The development and progress made by man in building his dwelling with mud, clay, and stones to bricks, concrete, and other building materials made the development of architecture and construction develop at a rapid rate. However, these changes have a great positive impact on humanity, on the contrary, on the surrounding ecosystem. This evolution, with the benefits that come with it, causes severe damage to the ecosystem that requires millions of years to recoup and can lead to vulnerability to disasters and tragedies, now and in the future. Climate change, carbon emissions, greenhouse gases, loss of biodiversity, unmanageable pollution, and shortage of resources; are all some of the impacts of ecosystem destruction.
The built environment generates around 50% of annual global CO2 emissions. Of those total emissions, building operations are responsible for 27% annually, while building materials and construction are responsible for an additional 20% annually. Today, sustainability or “eco-friendly“, has become a concept that is firmly rooted in the minds of both individuals and companies. Building a clean, sustained environment in public buildings is basically a long-term plan that has to be efficient on the social, environmental, and economic levels. However, it comes at high initial costs but has long-term benefits in both building performance and low-cost maintenance, as well as a positive impact on both the environment and the building occupants.
Sustainable Architecture Strategies | Building Design
With the growing awareness of the need for sustainability, in 1922, the first international attempt to develop action plans and strategies to move towards a more sustainable development pattern was launched. More and more sustainable architecture rating systems are established, and more strategies are being implemented in public building designs. These design strategies mainly focus on:
- optimize site potential
- minimize non-renewable energy consumption
- use environmentally preferable products
- protect and conserve water
- enhance indoor environmental quality
- optimize operational and maintenance practices
When designing public buildings with sustainability in the plan, you can implement the following sustainable architecture strategies:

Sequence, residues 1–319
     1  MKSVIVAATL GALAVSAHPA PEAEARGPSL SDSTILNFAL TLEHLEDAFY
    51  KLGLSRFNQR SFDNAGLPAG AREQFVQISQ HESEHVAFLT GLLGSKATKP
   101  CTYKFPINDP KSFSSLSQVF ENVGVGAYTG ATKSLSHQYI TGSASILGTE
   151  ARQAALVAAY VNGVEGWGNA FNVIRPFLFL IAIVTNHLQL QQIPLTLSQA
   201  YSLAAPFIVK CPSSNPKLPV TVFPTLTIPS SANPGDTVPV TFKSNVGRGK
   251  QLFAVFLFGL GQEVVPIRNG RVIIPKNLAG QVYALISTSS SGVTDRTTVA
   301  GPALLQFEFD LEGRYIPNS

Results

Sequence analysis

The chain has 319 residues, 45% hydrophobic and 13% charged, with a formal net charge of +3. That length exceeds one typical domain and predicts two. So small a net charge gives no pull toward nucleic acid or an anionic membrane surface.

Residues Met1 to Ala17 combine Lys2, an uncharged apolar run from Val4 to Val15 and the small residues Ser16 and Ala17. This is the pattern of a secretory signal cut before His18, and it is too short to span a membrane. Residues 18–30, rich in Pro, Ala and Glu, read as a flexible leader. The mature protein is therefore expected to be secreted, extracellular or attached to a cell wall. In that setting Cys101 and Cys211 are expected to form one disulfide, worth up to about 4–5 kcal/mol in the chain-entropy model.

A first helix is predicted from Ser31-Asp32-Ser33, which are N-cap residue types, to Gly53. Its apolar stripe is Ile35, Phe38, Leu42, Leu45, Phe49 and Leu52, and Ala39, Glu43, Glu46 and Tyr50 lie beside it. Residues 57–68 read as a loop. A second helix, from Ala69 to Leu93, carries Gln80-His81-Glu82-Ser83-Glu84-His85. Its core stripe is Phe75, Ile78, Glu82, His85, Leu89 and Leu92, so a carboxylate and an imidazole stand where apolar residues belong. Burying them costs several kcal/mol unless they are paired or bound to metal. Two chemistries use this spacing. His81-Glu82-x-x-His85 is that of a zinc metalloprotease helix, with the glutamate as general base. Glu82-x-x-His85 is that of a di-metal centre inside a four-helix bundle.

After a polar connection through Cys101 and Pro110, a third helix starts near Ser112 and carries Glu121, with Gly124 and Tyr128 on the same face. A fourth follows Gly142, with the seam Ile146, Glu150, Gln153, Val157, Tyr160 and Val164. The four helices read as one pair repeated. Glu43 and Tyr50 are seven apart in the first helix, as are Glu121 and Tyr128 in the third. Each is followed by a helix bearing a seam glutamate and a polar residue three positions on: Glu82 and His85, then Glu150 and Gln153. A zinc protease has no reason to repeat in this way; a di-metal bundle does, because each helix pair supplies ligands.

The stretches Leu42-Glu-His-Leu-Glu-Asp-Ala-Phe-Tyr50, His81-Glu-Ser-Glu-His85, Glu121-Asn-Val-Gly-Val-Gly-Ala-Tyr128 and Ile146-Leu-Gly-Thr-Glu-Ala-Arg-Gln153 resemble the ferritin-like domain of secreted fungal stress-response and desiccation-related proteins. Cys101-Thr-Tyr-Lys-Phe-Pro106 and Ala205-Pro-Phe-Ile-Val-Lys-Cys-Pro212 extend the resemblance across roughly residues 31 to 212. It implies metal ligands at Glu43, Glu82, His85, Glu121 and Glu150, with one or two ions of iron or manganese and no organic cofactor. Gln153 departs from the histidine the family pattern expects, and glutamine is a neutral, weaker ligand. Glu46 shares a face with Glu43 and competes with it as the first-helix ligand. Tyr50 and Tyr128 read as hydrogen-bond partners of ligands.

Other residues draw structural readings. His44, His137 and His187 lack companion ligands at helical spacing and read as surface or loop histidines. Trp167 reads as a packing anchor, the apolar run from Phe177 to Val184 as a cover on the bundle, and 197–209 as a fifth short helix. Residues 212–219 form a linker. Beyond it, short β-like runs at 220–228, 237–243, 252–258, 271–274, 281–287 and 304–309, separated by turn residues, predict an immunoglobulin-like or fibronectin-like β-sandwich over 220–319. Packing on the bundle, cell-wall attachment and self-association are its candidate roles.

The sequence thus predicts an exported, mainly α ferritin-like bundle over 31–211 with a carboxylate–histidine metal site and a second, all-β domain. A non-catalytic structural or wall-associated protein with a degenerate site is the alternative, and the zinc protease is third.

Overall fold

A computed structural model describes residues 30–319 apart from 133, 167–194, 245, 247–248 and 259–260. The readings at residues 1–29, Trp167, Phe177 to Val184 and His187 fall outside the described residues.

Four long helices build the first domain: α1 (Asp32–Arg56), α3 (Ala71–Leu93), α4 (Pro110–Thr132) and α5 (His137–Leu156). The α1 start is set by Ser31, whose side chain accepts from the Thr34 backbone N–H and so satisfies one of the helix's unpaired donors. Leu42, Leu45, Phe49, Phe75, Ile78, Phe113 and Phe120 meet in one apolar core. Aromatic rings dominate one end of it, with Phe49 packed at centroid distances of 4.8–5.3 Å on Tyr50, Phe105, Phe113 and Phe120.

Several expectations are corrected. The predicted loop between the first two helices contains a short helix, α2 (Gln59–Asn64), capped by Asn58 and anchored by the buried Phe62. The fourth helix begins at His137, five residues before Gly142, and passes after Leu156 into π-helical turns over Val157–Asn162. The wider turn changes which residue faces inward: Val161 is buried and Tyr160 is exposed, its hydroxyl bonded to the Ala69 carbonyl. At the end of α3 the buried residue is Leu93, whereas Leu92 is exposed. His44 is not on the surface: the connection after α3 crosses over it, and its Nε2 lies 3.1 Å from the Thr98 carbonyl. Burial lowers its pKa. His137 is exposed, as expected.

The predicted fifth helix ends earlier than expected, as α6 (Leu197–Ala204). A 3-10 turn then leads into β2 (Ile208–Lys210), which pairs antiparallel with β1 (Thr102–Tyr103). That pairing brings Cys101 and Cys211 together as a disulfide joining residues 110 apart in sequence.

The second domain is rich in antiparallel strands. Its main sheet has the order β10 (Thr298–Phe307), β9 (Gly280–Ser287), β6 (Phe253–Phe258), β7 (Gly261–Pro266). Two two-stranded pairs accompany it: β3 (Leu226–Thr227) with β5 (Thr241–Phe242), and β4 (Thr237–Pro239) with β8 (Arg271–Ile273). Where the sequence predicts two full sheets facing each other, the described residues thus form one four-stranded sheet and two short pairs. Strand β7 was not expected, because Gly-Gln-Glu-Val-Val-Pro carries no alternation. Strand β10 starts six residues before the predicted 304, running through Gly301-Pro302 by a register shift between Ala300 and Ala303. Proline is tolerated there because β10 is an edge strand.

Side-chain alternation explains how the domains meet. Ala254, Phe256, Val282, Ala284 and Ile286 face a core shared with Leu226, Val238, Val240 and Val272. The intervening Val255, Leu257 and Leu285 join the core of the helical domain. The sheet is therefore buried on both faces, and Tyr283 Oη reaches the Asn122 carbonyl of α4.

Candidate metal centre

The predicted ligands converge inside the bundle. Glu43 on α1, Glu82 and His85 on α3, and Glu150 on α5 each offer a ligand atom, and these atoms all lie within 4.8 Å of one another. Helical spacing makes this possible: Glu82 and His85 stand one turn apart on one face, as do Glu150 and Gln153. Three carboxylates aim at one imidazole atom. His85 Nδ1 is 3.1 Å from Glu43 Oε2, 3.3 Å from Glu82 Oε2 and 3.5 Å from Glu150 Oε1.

- Integrative Design Process (IDP)
It is a comprehensive process focusing on the design as a system rather than a set of different and isolated components. This method provides high-performance buildings, more adaptability, and flexibility during the entire process, which will avoid the high costs of misleading isolated decisions.
- Passive Solar Energy
It relies on the orientation of the building and the thermal mass of the structure’s exterior walls. The building walls can reflect, transmit, or absorb solar radiation when sunlight strikes a building. These basic responses to solar heat lead to design elements, material choices, and placements of openings that can provide heating and cooling effects in the building.
- Renewable Energy Source.
There are eligible types of renewable energy, including those that use the sun, such as the solar energy system and photo-voltaic cells, and wind power is a great option for public buildings.
- Using Native Landscaping
Using a specific type of plantation will affect many sustainable factors. Using trees, plants, and grasses native to the area is always the best solution, as it can drastically reduce the irrigation needs and will reduce the solar heat gain inside the building.
- Installing Water-Efficient Faucets and Faucet accessories
Low-flow faucet aerators are an easy way to reduce overall water use. Automation and motion sensors can control the amount of water required as it won’t allow the water to be wasted.
- Allow More Natural Lighting in the Building
Whether by using a skylight or sloping walls that allow sunlight spread deeper inside the building, this strategy creates a healthy environment and will reduce the energy demand for lighting during daylight hours. The glazing must be made with a safety system and should put in mind the U-value and shading coefficient and visible transmittance.
- Maximize Open Space
Creating an open space will allow increasing the connectivity to nature and the landscape overall, which will lead to a healthier environment and create a social gathering area for enjoying the nature view.
- Using Locally produced Materials
Purchasing of local materials reduces carbon generation resulting from manufacturing, supply, construction, and disposal processes after consumption in landfills. Analysis of the product’s Life Cycle Assessment ensures that positive values are recognized in line with environmental, economic, and social impacts. This helps in the evaluation and selection of the proper material, whether it is steel, lumber, concrete, or finishing materials, such as carpets and furnishings from companies that use environmentally responsible manufacturing techniques or recycled materials.
Through the 20th century, the development of technology in the field of construction and architecture harmed the environment and biodiversity on Earth. This made sustainability a “Saving Procedure” not just a trend. Now, with the increasing awareness of sustainability becoming a concept, we can hear phrases like, go green, act green, be eco-friendly, etc; which have become much more popular slogans that encapsulate the idea of sustainable architectural design.
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